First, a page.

Chief Executive Officer
Gary Burnison is CEO of Korn Ferry and the author of Leadership U: Accelerating Through the Crisis Curve.
It's a statistic you've probably heard before: It only takes a few seconds for people to make a judgment about you, especially when it comes to job interviews.
During that very short time, a hiring manager will make crucial determinations about you, including your likability, your trustworthiness, how aggressive or passive you seem and how well you would fit in with others on the team.
As the CEO of a large job recruiting firm, I've seen a lot of sloppy job interviewing mistakes in my decades-long career. Here are some of the biggest that will instantly destroy a first impression:
1. Lying, exaggerating or inflating
You tell the hiring manager that you're still working at your last job, even though you've already quit, or you were fired. You want to appear more desirable, so you make it seem like you're still at that company.
Big mistake! Lying is disrespectful to the interviewer, and you can never recover from it. Even some of the best CEOs and employees have been let go — it's not the end of the world.
Someone will verify the facts of what you say, so always tell the truth. People want to know who you are, not discover who you aren't.
2. Arriving late
You don't want the very first thing you say to the hiring manager to be: "I'm sorry I'm late."
Whether it's virtual or in-person, don't be that hapless person who shows up late because they got lost or underestimated the travel time or had tech issues.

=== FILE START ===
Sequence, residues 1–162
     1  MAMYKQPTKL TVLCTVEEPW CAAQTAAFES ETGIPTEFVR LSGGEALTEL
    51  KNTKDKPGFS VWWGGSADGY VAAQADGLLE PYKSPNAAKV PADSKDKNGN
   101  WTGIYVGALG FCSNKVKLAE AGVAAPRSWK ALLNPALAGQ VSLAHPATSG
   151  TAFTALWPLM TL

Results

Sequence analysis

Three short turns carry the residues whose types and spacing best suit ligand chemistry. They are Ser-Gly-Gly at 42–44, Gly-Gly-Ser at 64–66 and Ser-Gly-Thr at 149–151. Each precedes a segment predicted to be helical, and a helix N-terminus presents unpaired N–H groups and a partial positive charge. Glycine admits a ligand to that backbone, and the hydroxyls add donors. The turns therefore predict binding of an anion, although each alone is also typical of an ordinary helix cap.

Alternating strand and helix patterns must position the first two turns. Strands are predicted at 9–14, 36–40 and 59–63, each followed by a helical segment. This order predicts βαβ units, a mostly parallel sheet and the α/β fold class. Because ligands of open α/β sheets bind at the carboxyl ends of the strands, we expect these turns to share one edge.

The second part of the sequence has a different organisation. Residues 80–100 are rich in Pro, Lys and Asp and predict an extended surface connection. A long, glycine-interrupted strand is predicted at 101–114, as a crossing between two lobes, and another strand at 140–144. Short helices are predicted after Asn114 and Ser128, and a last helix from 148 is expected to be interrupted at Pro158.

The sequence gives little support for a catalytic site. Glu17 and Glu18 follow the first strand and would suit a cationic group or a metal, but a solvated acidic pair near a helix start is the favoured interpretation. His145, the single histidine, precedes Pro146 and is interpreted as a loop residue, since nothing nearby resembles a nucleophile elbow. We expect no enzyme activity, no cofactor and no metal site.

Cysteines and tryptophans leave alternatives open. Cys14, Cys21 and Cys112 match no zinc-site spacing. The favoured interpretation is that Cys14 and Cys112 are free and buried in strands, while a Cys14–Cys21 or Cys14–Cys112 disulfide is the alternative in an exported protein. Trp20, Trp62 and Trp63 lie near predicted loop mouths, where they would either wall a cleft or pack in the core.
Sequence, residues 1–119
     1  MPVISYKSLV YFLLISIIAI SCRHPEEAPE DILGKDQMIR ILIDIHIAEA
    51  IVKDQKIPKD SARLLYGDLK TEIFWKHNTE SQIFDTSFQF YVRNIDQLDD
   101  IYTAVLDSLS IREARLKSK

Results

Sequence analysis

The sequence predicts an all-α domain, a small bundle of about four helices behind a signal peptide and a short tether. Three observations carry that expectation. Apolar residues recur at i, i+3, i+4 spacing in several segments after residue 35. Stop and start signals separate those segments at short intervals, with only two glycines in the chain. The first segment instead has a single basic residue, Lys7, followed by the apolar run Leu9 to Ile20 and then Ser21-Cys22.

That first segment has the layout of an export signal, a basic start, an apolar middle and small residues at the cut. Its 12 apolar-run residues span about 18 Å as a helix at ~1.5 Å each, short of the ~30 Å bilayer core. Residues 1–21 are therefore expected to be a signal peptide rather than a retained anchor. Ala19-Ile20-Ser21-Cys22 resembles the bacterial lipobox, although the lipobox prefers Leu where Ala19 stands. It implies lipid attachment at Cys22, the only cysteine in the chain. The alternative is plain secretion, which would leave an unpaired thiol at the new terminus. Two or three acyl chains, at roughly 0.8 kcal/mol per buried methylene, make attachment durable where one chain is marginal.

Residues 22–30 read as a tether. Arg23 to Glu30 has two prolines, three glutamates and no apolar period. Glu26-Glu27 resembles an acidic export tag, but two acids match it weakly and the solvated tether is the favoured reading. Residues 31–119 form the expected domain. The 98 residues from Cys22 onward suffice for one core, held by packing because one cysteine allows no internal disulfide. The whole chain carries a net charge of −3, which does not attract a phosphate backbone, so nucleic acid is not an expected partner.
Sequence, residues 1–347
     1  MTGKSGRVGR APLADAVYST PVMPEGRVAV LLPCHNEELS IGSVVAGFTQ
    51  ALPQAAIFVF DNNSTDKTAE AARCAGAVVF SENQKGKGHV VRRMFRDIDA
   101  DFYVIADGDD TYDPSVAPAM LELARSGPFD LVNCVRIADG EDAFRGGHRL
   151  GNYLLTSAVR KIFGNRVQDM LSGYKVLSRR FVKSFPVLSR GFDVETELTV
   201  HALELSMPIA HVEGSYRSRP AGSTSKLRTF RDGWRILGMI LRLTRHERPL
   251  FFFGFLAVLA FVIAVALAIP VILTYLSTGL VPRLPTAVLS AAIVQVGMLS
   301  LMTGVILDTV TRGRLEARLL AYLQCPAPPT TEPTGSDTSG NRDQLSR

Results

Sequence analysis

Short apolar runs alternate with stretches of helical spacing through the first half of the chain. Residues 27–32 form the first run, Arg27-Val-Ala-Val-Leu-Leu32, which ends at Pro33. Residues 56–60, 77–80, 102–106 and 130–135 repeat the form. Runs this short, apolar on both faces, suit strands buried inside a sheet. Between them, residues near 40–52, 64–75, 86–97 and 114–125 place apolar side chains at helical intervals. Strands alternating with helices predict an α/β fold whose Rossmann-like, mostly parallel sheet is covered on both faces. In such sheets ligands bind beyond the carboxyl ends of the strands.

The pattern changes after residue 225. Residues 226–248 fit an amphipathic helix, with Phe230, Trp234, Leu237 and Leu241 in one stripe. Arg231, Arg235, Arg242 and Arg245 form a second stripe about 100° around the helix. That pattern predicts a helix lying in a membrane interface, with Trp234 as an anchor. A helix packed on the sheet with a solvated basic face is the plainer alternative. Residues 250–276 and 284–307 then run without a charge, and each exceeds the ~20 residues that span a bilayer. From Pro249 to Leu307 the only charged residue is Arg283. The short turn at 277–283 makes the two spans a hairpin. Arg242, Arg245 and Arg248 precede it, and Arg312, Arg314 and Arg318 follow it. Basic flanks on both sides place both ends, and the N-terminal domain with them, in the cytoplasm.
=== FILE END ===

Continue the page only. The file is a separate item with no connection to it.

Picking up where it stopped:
Arriving late is rude to those you've kept waiting. It also gives people a taste of what it would be like to work with you — and by not being punctual, you're telling others that you're unreliable.
3. Having no relevant examples of accomplishments
The interviewer asks you to elaborate on the accomplishments you've listed on your resume, and because you're nervous, you mind goes blank. You stumble along, maybe even reading from a copy of your resume.
But the interviewer is listening for specifics to determine how you match the demands of the job and how well you would communicate with colleagues and clients.
4. Talking too much or too little
The interviewer asks you a question that you're not prepared to answer: "Tell me how you would handle [X] challenge…"
In a panic, you either you go on and on, hoping that you'll say something relevant, or you give a short answer and then go silent. Yikes!
The best way to prepare is by rehearsing. Do a mock interview with a mentor or friend and practice giving clear and concise responses to common interview questions. (Don't forget to ask the interviewer your own questions as well.)
5. Appearing desperate
Nonverbal cues like sitting on the edge of your chair or saying things like "When will I hear from you?" can radiate desperation.
It may also raise doubts about your abilities, your fit with the organization and why others haven't hired you.
Some quick body language tips that will make you look more confident:
6. Bringing something to eat or drink
If the receptionist or interviewer offers you water, it's fine to accept.
In fact, you should ask to help, just as you would if you were a guest in someone's home. Where are the glasses kept? If there's a water pitcher on the table, offer to pour for your interviewer.
But never bring your own coffee, soda, snack or anything else. I've been in several interviews where candidates explained that they were on their lunch break and asked if they could eat while they talked. Super sloppy and a huge turnoff.
7. Not having a 'Plan B'
If your interview is a video conference, test the technology ahead of time. Have a backup phone number in case of access issues or technology failure.
Be aware that some video conferencing systems have a two- or three-second delay between the visual and the voice communication. Allow a little time in the give-and-take of the conversation.
Also, do you know the required passwords? How do you look? How do you sound? How's the lighting? Are there pets or kids in the background?
When you prepare for the worst, it's more likely that everything will go smoothly.
A version of this article appears on cnbc.com.